Tuesday, 13 December 2016

Trust the troops on point duty

We hear that Donald Trump does not believe the CIA and FBI analysis of Russian interference in the recent presidential elections. That has echoes of the experience many of us had with the erstwhile Chief Executive of Natural England.

In 2006, we rapidly got to realise that our CEO did not trust us. We frequently heard about meetings between the CEO and 'partner' organisations from our counterparts in said organisation. We had no firm clue about what was said and agreed (you cannot always trust your counterparts if they spot a weakness in your intelligence systems). Our CEO announced that we would be' told what we needed to know'! We had no firm idea about what our policy should be - try writing a policy paper with the instruction 'I'll know what I want when I see it'! Worse still, we had no clue about the information that would actually be valued by the CEO. Needless to say, this relationship was accompanied by an exodus of technical skills that have been lost for ever. It does not take a lot to kill off the relationship between management and the troops on point duty. Why stick your neck out if the Chief is as likely to chop it off than the opposition might seek to do!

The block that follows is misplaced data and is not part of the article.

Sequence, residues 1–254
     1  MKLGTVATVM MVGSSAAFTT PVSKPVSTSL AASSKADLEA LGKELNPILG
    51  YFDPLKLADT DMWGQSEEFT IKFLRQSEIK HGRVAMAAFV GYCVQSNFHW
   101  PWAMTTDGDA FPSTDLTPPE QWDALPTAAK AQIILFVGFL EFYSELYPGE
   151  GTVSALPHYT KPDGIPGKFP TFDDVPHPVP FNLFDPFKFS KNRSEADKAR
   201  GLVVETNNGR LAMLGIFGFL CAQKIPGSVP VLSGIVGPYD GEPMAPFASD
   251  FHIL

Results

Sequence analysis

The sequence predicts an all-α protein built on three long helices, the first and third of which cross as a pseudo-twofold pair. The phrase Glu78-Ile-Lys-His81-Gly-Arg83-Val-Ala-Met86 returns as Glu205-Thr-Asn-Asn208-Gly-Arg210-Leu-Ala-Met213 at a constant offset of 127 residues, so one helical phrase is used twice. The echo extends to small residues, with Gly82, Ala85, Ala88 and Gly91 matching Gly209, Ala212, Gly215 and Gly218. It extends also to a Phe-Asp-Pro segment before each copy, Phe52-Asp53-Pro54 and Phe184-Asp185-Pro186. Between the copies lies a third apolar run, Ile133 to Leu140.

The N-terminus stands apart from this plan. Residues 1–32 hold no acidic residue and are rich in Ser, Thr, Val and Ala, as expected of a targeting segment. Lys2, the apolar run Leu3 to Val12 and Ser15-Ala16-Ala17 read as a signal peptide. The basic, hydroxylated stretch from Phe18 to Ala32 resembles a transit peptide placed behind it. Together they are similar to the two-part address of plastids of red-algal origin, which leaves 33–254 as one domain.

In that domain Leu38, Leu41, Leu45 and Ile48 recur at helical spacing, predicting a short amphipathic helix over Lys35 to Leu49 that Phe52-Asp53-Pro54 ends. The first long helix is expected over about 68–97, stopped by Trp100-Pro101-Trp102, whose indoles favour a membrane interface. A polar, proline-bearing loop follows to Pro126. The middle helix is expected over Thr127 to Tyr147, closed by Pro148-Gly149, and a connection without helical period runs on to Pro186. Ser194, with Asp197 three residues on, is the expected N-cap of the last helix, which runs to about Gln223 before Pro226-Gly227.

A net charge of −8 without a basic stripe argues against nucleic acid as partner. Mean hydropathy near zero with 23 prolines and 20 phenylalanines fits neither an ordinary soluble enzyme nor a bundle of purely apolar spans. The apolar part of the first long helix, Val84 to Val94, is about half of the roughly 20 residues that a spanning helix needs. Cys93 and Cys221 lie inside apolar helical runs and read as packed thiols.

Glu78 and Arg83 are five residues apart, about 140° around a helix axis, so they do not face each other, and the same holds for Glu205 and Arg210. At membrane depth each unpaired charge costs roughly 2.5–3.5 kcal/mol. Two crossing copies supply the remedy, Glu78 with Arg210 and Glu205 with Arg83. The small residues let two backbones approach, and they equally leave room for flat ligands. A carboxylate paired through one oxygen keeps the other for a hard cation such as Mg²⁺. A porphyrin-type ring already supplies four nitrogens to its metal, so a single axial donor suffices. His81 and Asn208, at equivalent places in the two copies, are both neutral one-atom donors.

If I was a member of the CIA or FBI I would be very worried. If the Chief does not trust you, and won't take briefings other than on an intermittent basis, you are in serious trouble. I always took the view that one should at least listen to the troops on point duty - they have the most relevant experience and are the eyes and ears of the organisation. If you don't trust them, then you are exposing the whole army (country/organisation) to acting blind.

God help the western World!

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